This is all very relevant in terms of doing your market research when producing any advertisement and fully understanding your targeted audience. In many instances the targeted demographic will incorporate numerous backgrounds. Over the years we have seen more advertising using a fusion of styles in both auditory and visual aspects. A great example of an artist who incorporates a fusion of melodic content in the form of classical, jazz and funk with rhythmic influence in dance, hip hop, drum and bass and dub is Bonobo. His music has been used commercially in TV programs, (both fictional and nonfictional), Films and adverts including one for the ‘Citroen Picasso’. I believe his success in this sense is partly due to a very tasteful selection and fusion of what might be described as a more contemporary and mature musical content, with a very up to date, relevant and youthful sound. Listeners from numerous musical background experiences can listen both passively, and actively to his music and will be feeding off numerous neurological cues and memories.

Digressing slightly, but I have met Simon Green (Bonobo) and seen him perform a number times. From a musical technologist perspective his arrangement and production values are inspirational.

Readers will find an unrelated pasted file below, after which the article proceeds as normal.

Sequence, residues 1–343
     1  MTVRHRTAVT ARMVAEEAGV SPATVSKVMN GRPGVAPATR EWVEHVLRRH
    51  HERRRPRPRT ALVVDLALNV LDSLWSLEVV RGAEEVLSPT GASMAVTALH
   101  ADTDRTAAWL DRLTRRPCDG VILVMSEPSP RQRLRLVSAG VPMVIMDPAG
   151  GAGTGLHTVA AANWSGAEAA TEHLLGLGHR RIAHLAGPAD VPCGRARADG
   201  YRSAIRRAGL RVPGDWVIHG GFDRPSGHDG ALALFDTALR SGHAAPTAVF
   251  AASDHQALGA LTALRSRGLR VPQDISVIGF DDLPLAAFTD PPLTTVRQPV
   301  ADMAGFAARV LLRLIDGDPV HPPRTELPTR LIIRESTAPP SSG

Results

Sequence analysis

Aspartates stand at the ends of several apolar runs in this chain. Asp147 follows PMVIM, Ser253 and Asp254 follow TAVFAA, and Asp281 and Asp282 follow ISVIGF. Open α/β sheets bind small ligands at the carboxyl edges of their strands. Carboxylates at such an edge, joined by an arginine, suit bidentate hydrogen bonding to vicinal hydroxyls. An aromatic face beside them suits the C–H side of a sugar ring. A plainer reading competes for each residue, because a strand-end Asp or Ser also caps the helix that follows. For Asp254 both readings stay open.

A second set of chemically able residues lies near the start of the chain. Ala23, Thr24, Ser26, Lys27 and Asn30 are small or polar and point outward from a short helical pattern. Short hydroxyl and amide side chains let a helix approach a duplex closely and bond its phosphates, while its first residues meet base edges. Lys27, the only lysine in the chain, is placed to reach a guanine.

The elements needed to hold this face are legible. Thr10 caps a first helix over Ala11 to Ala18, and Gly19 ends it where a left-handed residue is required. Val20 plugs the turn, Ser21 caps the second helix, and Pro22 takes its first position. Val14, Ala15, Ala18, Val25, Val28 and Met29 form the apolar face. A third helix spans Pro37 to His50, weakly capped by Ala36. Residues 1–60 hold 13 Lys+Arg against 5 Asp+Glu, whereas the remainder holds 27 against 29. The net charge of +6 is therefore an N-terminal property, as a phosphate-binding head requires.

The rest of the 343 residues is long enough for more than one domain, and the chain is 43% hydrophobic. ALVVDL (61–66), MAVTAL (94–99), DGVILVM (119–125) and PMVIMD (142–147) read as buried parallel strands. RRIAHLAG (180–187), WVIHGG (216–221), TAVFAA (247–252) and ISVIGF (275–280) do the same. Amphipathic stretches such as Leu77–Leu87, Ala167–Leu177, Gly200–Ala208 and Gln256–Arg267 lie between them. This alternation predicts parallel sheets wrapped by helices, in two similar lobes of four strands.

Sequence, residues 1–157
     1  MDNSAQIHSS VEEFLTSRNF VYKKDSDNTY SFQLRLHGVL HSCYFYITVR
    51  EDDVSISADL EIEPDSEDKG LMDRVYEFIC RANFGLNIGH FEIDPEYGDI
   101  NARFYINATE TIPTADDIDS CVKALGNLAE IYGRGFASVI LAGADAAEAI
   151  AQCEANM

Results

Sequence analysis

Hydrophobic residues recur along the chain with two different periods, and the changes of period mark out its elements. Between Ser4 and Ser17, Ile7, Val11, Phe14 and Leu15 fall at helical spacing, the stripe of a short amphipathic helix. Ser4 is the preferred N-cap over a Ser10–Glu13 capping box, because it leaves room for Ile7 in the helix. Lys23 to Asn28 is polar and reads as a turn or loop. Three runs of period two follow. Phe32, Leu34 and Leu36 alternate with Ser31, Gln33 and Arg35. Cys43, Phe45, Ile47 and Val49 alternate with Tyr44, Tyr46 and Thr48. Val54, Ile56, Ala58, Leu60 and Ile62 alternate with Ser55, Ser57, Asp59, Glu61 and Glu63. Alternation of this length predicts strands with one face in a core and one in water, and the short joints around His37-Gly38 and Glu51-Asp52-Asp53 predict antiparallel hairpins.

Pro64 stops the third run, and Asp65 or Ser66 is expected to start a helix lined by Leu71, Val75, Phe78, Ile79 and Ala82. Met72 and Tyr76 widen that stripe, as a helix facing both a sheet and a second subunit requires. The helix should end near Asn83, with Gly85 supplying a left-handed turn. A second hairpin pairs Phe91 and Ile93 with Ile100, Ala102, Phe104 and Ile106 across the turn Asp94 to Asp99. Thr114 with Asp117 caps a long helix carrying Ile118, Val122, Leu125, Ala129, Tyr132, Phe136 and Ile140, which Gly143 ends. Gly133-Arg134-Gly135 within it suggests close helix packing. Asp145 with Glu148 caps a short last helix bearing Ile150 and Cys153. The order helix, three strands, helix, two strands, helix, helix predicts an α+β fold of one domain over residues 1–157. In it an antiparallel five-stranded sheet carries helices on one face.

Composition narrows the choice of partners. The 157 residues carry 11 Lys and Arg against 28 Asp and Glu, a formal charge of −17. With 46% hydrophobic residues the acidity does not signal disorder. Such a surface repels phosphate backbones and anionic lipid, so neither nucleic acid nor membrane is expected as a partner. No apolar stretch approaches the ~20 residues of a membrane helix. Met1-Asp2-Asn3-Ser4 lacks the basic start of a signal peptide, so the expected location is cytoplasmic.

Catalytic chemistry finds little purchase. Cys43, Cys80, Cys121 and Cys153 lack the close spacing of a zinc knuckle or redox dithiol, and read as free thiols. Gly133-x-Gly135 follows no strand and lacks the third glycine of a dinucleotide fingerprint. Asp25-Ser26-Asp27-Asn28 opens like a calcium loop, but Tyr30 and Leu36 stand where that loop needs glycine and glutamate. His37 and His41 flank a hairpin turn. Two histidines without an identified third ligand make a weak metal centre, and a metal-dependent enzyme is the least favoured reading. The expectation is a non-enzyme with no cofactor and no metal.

Recommended listening references:
Studio Recording relevant genre: Madness, The Specials, The Jam, The Beatles, The Who, Blur, The Skints, Sublime, Bob Marley and The Wailers, The Ordinary Boys, Paul Weller, The Police.
Non Relevant genre: Stac, Massive Attack, Machinedrum
I find you can overkill deep analysis in a particular style, I find taking a break out of your particular style often lets you reset your hearing and have a more all rounded view when going back into the task in question.
Advertising musical references:

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Studio test

This is a VERY rough demo recorded at University of Hertfordshires recording studio 1. The Drums were recorded 8.10.13 in one take during our lecture with Lee Richardson. The vocals and acoustic guitar were recorded the next day, again in one take, in an exercise I constructed to, not only got us used to the studios facilities and equipment, but also to test suitability for mics for recording my vocals and guitar.

I used a Shure SM57, AKG C414, and U87 placed closer to the voice than guitar. The actual track is of course a full band and electric guitars but there will be elements of acoustic recording within my final project. Next time I will record the acoustic guitar with closer cardioid mics to capture a richer, fuller breadth texture. This will allow me to capture more clarity and tone of some of the more intricate phrases. As demonstrated in the video I also managed to spend a short amount of time experimenting with the mixing desk EQ and the compression and reverb units.

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Shabby Tinkerz Drum Rehearsal 5.10.13

Please click on the link above to gain access to youtube channel and additional videos.